This examples can be made for almost any angle, so in your works, try to simplify everything.
It can be stated without an overstatement that the color is the leading aspect of your work; improper or badly matched colors can ruin even the best idea. What can we write about the color in miniature graphics?
First, there is a clear rule: if the image looks bad when reduced to monochrome, it means the colors that were selected are incorrect. This rule is true not exclusively for icons but for the entire graphic design.
Second, you will probably unable to use safe RGB. Sure, you may use GIF colors only, but this ties you hand and foot. Gradients, shadows, dithering and many other effects will not be accessible to you.
Third, try to increase the areas of "plain" color. The more consistently colored areas without blurring and jumps your composition has, the more neat it appears. Icons are too tiny and the excess usage of complex filters makes the image look dirty.
Fourth, gradients. This is a wonderful tool which can change the look of any project. Besides visuals, gradients are an ideal way to abolish the "broken line" look (lines with too long basic elements). But be careful when using them because too much gradients can ruin the plain color, and be unable to fit into the gif palette.
Fifth, shadows and highlights. All aspects of applying shades and highlights in icon design are totally the same to the rules of the overall graphic design. The only ine I have to mention: create everything yourself. Don't use filters, make all shadows and flares in a separate layer and then edit the opacity. If using effects, you almost never know what will it look like. It is bad when you don't control the process of creating of a project. It is worse if you can't control it if drawing miniatures.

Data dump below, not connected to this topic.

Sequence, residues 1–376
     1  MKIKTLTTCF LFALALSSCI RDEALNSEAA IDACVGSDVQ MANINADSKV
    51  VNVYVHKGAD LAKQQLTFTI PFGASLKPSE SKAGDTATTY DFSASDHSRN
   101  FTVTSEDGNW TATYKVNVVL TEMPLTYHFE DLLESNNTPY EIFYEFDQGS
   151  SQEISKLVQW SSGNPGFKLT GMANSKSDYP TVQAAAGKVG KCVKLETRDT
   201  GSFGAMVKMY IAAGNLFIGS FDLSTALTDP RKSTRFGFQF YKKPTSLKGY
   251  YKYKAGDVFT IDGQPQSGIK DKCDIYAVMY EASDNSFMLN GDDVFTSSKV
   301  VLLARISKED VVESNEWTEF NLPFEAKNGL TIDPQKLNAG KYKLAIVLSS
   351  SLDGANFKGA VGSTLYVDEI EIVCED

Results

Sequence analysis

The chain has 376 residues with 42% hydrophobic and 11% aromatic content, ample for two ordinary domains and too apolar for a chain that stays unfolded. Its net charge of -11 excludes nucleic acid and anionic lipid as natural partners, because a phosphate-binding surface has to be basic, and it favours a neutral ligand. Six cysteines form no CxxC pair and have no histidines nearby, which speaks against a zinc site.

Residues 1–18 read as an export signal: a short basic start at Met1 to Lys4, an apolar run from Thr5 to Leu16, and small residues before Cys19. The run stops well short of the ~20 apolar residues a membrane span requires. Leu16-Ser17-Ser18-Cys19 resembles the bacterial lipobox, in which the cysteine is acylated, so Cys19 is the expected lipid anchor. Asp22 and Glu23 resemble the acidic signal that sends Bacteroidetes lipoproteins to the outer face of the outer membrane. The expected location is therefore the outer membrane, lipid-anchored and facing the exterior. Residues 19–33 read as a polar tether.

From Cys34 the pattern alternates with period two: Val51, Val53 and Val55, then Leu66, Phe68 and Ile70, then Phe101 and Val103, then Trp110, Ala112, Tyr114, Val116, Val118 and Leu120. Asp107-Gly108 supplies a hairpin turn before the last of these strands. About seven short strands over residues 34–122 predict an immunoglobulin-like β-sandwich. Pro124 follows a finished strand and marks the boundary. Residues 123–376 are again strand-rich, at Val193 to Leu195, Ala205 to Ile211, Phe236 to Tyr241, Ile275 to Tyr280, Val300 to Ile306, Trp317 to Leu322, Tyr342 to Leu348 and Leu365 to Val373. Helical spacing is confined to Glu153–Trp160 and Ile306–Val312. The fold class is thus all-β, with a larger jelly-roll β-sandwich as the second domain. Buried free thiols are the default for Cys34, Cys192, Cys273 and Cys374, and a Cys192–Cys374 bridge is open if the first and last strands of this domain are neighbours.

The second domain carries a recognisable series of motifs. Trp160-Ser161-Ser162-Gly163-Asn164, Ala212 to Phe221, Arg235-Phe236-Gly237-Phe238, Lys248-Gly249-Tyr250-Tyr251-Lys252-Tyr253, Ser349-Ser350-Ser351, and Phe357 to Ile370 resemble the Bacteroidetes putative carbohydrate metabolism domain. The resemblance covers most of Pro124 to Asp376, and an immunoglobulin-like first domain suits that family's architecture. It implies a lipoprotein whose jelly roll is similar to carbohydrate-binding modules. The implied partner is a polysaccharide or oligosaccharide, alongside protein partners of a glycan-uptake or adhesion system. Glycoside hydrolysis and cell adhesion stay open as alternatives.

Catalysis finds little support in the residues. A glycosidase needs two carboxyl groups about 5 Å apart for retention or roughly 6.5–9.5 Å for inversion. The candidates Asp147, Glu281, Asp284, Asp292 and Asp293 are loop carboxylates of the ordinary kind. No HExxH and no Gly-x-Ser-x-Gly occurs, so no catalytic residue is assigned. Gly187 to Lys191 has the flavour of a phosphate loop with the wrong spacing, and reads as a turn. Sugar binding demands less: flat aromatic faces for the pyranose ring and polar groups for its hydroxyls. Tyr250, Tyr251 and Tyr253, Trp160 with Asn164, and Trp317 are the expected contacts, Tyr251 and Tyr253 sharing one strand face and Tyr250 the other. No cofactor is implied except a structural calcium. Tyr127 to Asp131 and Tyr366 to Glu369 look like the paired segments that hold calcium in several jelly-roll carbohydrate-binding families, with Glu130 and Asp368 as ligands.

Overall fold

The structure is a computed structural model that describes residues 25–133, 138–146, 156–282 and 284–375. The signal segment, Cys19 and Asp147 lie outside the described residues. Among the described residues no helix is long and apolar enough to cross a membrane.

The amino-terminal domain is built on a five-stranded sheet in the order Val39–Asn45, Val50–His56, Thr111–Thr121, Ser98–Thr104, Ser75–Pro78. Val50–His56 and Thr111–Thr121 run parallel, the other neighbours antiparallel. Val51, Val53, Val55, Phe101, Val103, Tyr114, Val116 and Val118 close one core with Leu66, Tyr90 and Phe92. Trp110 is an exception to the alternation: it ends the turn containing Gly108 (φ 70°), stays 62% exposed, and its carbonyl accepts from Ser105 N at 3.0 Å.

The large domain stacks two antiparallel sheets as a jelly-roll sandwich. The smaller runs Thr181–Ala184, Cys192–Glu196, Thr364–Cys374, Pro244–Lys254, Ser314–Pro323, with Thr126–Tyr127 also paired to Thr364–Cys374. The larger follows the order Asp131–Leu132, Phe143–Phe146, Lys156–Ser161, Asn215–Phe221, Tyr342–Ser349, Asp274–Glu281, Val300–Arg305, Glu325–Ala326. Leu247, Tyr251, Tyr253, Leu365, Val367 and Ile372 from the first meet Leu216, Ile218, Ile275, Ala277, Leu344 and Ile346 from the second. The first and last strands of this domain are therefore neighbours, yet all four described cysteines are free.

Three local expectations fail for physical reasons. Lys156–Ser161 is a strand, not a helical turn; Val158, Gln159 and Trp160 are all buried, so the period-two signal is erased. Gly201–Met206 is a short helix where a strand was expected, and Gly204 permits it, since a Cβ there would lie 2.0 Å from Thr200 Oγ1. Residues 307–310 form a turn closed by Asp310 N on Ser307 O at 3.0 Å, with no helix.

And, finally, sixth. Tinting is the key aspect of pictogram creation, which greatly affects the esthetic appearance of the composition. If the green human eye in the image has the size of 1 pixel, increase the color saturation. For example, instead of 0, 131, 159 choose 71, 195, 242. It doesn't matter that the human eye can't have such color; in the first case it will appear like a gray dot, and in the second example it will really be a blue eye.
Thoroughly control the picture, do not let the optical illusions to spoil your work. It is OK if objects is not consistent technically, but the whole image must be perfect.
As an example, I drew the pack of juice standing before me. The image has plain color, gradients with broken lines, shades and flares and tints.
If I talked about something other than miniature creation, this chapter wouldn't fit into a whole book, but the size of pictures ;limits fonts too.
The resolution of symbols is the main aspect as opposed to their fineness. Nearly in all cases, only if not the letters are the main part of the project, the text size must be decreased to the largest extent possible.
In principle, almost any graphic company has its unique font with little letters. This font can be crafted in a few hours. You can browse the internet and make your own library of very interesting fonts. First of all, I would recommend you to download the DS Pixel and Seventen 7Vedi website as well as the whole series of fonts from the Lakmus Lab website.
If you don't want a new font, little sizes of Arial and Verdana may work. As a last resort, you can create the necessary characters by hand.
There are quite a few rules there. First, characters cannot be less than 5 pixels high or less than 3 pixels wide.
Second, letters should not use anti-aliasing. It transforms the font into an unrecognizable mixture of pixels.
Though, there are no rules without exceptions and the 5-point Arial looks rather understandable.